Why do we use a solubility product
Name: Andy 2017-11
The solubility product
The solubility product is used to determine the maximum solubility of a salt in a solvent. This is a fixed value that can be calculated by multiplying the concentrations of the dissolved ions. Furthermore, the solubility, or the solubility product, depends on the equilibrium of the dissolved components of the salt and the undissolved sediment.
In the case of a salt A + B-, which when dissolved in water reacts to form the ions A + and B-, the MWG is:
K = ([A+] · [B+]): [AB]
The concentration of the solid can be regarded as constant, since the concentration is independent of the amount. Now we can simplify the equilibrium constant to a new constant, usually called KL.
K × [AB] = KL. = [A+] · [B+]
This is the definition of the solubility product. In general, the equation is, for a salt that is according to the reaction equation A.mB.n → Am + Bn divided into anions and cations, similar to the law of mass action, as follows:
KL.= [A+]m · [B-]n
If the product of the concentration of the dissolved ions is less than the solubility product, then there is no saturated solution. However, if it is higher, this means that a supersaturated solution is present and the sediment will crystallize out in the foreseeable future. With the help of the solubility product one can determine how much of a certain salt can dissolve in water. Furthermore, the solubility product is temperature-dependent. The smaller the solubility product, the less soluble the salt is. For example, silver chloride has a solubility product of 1.6 × 10-10 mol2/ l2, while that of calcium sulfate at about 6.1 × 10-5 mol2/ l2 lies. The solubility product can often be read from tables (see formula collection) and thus the concentration of the individual dissolved ions can be calculated.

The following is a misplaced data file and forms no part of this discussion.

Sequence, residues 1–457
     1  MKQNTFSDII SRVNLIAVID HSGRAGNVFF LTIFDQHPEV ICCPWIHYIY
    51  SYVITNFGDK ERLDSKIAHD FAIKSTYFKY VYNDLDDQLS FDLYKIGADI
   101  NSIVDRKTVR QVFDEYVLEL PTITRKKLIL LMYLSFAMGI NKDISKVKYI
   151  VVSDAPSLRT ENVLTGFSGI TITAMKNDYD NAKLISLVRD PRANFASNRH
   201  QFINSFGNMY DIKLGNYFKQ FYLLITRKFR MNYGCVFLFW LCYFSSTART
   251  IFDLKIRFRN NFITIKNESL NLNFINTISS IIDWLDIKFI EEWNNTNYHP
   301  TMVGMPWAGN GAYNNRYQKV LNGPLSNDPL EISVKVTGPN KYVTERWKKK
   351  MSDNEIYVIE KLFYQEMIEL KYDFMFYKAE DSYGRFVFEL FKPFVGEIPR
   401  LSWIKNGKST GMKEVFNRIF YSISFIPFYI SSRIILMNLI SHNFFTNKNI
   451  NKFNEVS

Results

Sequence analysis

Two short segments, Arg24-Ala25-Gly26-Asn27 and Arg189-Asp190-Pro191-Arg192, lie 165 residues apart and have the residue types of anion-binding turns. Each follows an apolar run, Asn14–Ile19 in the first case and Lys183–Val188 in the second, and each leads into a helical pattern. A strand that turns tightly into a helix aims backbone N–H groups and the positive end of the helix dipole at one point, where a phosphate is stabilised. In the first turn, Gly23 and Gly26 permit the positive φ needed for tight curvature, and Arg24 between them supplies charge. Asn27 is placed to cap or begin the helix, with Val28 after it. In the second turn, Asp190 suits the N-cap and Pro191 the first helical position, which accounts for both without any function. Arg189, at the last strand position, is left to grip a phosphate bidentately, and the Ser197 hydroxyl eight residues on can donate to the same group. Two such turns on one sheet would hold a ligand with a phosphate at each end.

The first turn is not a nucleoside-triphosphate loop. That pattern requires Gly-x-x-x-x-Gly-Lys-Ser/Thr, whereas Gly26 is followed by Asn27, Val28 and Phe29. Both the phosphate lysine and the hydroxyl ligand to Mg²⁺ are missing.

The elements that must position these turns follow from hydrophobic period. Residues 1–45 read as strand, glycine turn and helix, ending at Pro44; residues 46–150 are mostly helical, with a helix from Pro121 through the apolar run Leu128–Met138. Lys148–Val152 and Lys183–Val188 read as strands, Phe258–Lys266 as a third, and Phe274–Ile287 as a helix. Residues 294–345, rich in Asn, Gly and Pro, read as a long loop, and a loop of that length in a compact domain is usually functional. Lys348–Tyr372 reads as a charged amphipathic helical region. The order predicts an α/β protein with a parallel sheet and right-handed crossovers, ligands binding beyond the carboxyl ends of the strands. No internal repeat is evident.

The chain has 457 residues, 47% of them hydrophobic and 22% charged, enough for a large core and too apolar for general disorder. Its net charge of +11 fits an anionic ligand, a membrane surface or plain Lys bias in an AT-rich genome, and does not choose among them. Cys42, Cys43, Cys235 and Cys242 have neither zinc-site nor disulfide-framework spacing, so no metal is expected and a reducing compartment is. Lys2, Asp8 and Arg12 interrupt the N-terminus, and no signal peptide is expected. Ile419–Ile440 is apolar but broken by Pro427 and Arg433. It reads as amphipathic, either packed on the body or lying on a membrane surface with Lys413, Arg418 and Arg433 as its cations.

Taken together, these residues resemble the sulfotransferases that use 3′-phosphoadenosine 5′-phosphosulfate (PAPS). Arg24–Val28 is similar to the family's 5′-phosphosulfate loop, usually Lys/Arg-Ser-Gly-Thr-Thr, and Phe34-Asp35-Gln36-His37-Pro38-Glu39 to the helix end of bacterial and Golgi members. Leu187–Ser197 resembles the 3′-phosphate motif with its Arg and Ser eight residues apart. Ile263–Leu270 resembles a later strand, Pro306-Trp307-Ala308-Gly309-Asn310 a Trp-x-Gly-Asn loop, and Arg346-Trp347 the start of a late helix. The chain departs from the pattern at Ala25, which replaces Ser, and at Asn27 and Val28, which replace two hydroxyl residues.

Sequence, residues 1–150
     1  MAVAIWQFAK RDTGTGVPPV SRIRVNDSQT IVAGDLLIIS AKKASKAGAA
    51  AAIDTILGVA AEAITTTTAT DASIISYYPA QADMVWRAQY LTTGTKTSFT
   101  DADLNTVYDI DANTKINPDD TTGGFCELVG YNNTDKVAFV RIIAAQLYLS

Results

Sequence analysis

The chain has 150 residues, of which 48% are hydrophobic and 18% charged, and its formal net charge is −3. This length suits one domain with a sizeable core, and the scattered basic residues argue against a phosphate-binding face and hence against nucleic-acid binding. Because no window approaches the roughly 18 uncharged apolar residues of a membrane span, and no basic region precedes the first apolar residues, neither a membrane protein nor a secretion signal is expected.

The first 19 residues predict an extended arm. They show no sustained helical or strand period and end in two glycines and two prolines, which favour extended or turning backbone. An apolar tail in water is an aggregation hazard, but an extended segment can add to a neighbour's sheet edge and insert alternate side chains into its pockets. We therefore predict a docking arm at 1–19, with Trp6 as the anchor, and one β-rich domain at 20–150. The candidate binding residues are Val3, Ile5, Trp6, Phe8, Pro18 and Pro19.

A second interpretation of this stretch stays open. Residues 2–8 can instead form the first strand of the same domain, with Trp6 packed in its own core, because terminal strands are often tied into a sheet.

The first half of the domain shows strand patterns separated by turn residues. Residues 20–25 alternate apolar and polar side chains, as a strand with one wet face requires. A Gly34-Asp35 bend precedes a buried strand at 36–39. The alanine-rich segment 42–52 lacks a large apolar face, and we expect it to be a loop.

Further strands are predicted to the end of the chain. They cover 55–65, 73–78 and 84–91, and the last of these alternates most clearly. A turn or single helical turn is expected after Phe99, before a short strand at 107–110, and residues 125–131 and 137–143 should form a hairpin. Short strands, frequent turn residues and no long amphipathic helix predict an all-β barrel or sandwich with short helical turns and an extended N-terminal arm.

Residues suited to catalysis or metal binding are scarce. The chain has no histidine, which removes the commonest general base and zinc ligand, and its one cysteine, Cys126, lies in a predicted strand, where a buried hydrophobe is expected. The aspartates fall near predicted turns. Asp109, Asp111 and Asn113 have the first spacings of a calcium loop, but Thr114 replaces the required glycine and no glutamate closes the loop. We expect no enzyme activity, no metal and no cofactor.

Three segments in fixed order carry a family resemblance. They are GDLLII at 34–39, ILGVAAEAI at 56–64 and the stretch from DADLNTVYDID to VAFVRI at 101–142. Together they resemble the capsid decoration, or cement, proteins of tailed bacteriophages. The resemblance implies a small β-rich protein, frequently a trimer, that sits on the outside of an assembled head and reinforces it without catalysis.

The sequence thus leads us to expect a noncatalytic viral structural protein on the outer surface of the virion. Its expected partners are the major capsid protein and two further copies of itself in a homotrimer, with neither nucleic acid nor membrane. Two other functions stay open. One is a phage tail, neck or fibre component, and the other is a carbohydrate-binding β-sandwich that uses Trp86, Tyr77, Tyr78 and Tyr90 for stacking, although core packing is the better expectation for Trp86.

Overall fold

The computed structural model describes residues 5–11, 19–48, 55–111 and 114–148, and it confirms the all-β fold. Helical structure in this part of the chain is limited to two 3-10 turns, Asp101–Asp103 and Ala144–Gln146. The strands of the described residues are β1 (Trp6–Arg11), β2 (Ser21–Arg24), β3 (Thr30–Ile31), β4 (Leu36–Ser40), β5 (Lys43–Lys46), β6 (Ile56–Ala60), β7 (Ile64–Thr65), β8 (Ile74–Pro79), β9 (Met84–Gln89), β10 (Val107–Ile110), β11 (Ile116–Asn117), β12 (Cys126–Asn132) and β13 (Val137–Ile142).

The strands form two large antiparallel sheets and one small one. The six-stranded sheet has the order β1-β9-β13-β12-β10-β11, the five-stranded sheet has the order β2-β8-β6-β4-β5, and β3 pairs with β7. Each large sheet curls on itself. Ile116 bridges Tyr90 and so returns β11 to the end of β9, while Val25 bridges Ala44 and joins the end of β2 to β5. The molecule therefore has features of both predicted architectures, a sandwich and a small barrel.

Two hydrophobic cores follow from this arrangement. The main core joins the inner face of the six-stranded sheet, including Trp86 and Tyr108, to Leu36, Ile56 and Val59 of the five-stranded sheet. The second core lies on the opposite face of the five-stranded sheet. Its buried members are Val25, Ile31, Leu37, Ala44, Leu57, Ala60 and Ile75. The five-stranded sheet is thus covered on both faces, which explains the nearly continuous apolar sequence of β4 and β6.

Let's take the example of silver chloride directly. The reaction equation is:
AgCl → Ag+ + Cl-
and thus the solubility product:
KL.= [Ag+] · [Cl-]
Since there are the same number of atoms of silver and chlorine in one molecule of silver chloride, the concentration of the two ions must be the same. So the following applies:
[Ag+] = [Cl-]
We can also write the solubility product as follows:
KL.= [Cl-]2 or [Cl-] = KL.½
with KL = 1.6 × 10-10 mol2 / l2 results for [Cl-]:
[Cl-] = (1,6·10-10 mol2/ l2)½ = 1.26 x 10-5 mol / l
The concentration of the chlorine and silver ions is therefore 1.26 · 10-5 minor.
Let us now turn to a more sophisticated example. The reaction equation for the process of dissolving iron (II) phosphate in water is:
Fe3(PO4)2 → 3Fe2+ + 2 (PO4)3-
So we now have three times the concentration x of iron ions in the solution, twice this concentration of phosphate ions. Substituting these variables in, one obtains according to the general formula for the solubility product:
KL.= [3x]3 · [2x]2 = x5 · 33 · 22
x5 = KL. / 33 · 22
we solve for x and get:
x = (KL. / 33 · 22)1/5
Now we set for KL. enter the value taken from the table and determine x. For x we get 3.08 · 10-8 minor. The concentration of iron ions is therefore only 6.16 · 10-8 mol / l and that of the phosphate ions just 9.24 · 10-8 minor. From this it can be concluded that iron (II) phosphate is an extremely poorly soluble salt.
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